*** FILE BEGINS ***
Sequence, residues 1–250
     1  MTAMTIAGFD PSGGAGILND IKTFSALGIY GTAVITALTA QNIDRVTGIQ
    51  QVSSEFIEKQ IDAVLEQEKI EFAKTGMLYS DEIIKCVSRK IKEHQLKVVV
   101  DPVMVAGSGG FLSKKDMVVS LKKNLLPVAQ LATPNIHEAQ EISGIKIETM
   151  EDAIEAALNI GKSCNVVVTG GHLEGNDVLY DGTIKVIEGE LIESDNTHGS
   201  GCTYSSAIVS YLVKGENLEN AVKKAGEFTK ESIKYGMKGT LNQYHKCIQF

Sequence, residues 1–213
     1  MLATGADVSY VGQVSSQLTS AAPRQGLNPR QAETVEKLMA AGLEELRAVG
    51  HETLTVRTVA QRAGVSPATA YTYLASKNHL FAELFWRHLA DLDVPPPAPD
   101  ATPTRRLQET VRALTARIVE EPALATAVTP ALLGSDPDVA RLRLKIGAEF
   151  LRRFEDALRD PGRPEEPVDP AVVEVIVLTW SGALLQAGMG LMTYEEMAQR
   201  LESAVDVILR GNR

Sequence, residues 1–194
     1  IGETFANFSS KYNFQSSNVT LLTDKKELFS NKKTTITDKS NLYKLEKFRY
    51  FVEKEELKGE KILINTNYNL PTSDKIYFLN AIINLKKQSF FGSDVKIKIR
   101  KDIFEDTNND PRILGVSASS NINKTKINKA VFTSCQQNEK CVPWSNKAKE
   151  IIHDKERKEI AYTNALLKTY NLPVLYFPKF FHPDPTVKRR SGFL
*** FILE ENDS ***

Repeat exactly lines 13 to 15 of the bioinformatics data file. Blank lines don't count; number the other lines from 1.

Sequence, residues 1–194
     1  IGETFANFSS KYNFQSSNVT LLTDKKELFS NKKTTITDKS NLYKLEKFRY
    51  FVEKEELKGE KILINTNYNL PTSDKIYFLN AIINLKKQSF FGSDVKIKIR